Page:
Covol Technologies, Inc. changed its name to Headwaters Incorporated in September 2000. The name reflected an expanded focus beyond the core synthetic fuels business. Covol used a venture capital approach to acquire minority holdings in new business, which it aimed to integrate with other Covol affiliates.

Around the same time as its name change, Headwaters created a new unit, Kwai Financial Inc., to provide bridge loans to new technology companies in the earliest stages of financing--between the seed capital provided by angels and the subsequent rounds of venture capital funding. Kwai's area of expertise was in application services, e-commerce, infrastructure services, and networking. Kwai was soon made part of Avintaquin Capital, LLC, which had Headwaters in its portfolio.

Later in 2000, Headwaters consolidated its business operations into a new facility in the Salt Lake City suburb of Draper, Utah. Revenue for the 2001 fiscal year rose 63 percent to $45.5 million. Net income was $21.5 million. Headwaters' share price rose 383 percent during the 2001 calendar year, reported the Salt Lake Tribune, making it the best-performing stock among Utah's publicly held companies.

HTI bought in 2001

Headwaters acquired another company with extensive intellectual property rights in August 2001. Hydrocarbon Technologies Inc. (HTI) of Lawrenceville, New Jersey, had developed technology to produce diesel fuel from coal and heavy oil and to make carbon products from used tires and oil. HTI had been owned by its 49 employees and was founded in 1943 as Hydrocarbon Research. The acquisition was potentially worth about $17 million in cash ($1.5 million), stock, and assumption of debt ($1.5 million).

HTI was involved in ventures in China and elsewhere in the world. It was developing leading-edge nano-catalysis technology to reduce the use of precious metals in such applications as catalytic converters for automobiles.

In May 2002, HTI acquired a worldwide license to develop and market a catalytic heavy oil upgrading technology called (HC)3. This helped produce synthetic crude or liquid fuels from bottom of the barrel, bitumen, or heavy oil. It had been developed by the Alberta Research Council Inc. in cooperation with two HTI executives.

In June 2002, HTI agreed to license technology for a $2 billion direct coal liquefaction plant to be built by China's largest coal company, Shenhua Group Corporation Ltd., in Inner Mongolia. This would make up to 50,000 barrels a day of ultra-clean liquid fuels such as diesel fuel and gasoline from indigenous coal.

This deal had been years in the making. The technology was developed under the auspices of the U.S. Department of Energy (DOE) following the 1970s oil crisis. The DOE and other federal agencies helped HTI work out a licensing deal with the Chinese beginning in 1996.

ISG Acquired in 2002

Headwaters' high stock value helped it make acquisitions during 2001 and 2002, while its acquisition were helping maintain its share price. In July 2002, the company acquired another Salt Lake area business, Industrial Services Group Inc. (ISG), in a deal worth $227 million, including $181 million of debt. ISG was the parent company of ISG Resources, Inc., which marketed the fly ash, bottom ash, and scrubber sludge that were the by-products of coal combustion. Fly ash was being increasingly used as a substitute for cement in concrete and stucco. In Investors Business Daily, Headwaters CEO Kirk Benson compared it to the volcanic ash used by builders in ancient Rome. However, it was only found in 10 percent of U.S. concrete, while it was used in 25 percent of concrete in Europe.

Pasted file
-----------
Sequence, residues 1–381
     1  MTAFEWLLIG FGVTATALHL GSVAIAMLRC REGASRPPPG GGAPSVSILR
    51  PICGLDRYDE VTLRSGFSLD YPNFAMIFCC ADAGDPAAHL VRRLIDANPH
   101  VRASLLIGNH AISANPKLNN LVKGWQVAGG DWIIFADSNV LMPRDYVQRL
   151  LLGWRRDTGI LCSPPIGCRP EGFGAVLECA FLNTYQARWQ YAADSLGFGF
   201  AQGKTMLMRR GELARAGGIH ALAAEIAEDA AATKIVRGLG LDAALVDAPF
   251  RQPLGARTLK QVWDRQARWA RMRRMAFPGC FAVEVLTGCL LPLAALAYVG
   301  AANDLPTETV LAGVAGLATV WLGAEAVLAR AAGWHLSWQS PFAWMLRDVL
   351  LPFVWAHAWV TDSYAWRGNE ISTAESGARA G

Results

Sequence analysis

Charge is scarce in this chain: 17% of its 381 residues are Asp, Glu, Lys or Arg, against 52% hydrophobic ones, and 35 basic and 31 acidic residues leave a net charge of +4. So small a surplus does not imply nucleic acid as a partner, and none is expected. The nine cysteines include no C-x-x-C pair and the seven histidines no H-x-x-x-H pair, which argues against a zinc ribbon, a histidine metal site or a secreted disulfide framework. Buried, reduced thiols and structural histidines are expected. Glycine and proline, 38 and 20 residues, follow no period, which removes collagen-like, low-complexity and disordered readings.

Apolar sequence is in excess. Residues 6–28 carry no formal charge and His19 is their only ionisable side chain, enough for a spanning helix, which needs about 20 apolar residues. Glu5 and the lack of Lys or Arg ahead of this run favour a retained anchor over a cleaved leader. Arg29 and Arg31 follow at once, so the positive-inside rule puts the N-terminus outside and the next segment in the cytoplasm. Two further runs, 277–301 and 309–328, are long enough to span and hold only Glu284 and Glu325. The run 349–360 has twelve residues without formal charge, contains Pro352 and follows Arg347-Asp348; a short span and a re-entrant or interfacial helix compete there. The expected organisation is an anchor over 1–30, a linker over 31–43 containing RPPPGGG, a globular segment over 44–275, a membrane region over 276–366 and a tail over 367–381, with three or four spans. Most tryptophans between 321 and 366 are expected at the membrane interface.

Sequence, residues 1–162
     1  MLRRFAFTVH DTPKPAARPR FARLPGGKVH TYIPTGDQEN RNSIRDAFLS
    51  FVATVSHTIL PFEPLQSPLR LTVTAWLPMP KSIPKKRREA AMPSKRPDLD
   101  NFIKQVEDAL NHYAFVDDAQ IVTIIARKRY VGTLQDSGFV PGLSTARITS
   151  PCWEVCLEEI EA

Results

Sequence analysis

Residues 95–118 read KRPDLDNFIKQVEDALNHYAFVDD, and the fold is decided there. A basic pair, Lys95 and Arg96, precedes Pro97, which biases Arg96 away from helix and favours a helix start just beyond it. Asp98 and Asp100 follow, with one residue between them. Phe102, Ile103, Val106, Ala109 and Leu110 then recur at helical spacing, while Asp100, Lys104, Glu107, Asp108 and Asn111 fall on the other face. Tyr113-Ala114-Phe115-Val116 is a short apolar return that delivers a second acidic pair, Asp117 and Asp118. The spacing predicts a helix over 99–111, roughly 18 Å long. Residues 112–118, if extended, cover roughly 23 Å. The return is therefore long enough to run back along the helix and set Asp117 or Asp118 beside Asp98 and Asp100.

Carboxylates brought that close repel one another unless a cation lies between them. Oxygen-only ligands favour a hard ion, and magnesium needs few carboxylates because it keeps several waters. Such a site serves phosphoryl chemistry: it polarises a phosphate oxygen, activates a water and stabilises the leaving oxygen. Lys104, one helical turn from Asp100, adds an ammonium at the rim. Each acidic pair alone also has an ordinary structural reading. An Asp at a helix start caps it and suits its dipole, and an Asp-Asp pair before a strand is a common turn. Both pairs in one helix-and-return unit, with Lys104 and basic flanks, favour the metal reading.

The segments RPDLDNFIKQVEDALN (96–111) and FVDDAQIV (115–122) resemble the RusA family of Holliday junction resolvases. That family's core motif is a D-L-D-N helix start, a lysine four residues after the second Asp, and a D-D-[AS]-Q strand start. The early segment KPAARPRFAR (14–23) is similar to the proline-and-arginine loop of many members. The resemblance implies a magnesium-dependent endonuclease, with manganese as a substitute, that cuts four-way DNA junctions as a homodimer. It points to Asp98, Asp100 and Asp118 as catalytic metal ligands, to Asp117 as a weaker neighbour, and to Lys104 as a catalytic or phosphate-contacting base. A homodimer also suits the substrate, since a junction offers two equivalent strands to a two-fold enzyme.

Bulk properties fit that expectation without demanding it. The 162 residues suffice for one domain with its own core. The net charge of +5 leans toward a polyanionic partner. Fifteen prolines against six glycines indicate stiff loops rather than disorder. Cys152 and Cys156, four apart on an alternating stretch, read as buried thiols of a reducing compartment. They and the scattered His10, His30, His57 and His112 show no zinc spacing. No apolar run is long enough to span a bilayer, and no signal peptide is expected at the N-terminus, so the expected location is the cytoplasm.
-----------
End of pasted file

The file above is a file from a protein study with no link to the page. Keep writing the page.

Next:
ISG had been formed in 1997 by Steve Creamer and Chip Everest, who acquired a number of coal combustion residue companies after selling their interest in an eastern Utah landfill. Its 2001 revenues were $216 million--four times that of Headwaters--but it had been losing money since 1999. ISG employed about 760 people at dozens of sites across the United States. Its fleet included more than 400 trucks and 1,200 railcars. The company had long-term contracts with more than 115 power plants in 35 states.

The ISG buy combined the leader in pre-combustion treatment of coal with the leader in post-combustion treatment. HTI was also experimenting with converting paper, plastics, and wood from municipal landfill waste into fuel.

HTI acquired the license to a new technology for heating or mixing liquids in July 2002. The Shockwave Power Generator (SPG) used controlled cavitation to improve the dispersion of gases in liquids and to increase chemical reaction rates. For HTI, it had applications in heavy oil upgrading and coal liquefaction.

Total Headwaters revenue increased 163 percent in fiscal 2002 to $119.3 million, another record. Income taxes kept the net income down to $24.3 million. The largest growth came in the sales of chemical reagents, which more than tripled to $74.4 million.

Headwaters relocated its headquarters to South Jordan, Utah--another Salt Lake suburb--in January 2003. The company planned to continue to acquire small fly ash companies to enhance its position as the national leader in coal combustion product management. Headwaters controlled about half of the 24 million tons of fly ash that were produced annually in the United States. This reduced the company's dependence on synfuels. The Section 29 tax credit for synfuels was scheduled to expire in 2007, which would likely make this side of the business unprofitable. However, Congress had extended the program several times since its inception in 1979.

Headwaters also owned proprietary technologies for a number of building products related to fly ash, including aerated concrete, rapid setting concrete, mortars, and stuccos. Some of these uses originated in Europe, which had a much higher utilization of fly ash. Headwaters was aiming to increase its acceptance in the U.S. market through an aggressive sales, marketing, and lobbying program.

Principal Subsidiaries: Environmental Technologies Group, LLC (50%); Hydrocarbon Technologies, Inc.; Industrial Services Group, Inc.

Principal Divisions: Covol Fuels.

Principal Competitors: Progress Energy, Inc.; Lafarge North America, Inc.; Ondeo Nalco Company.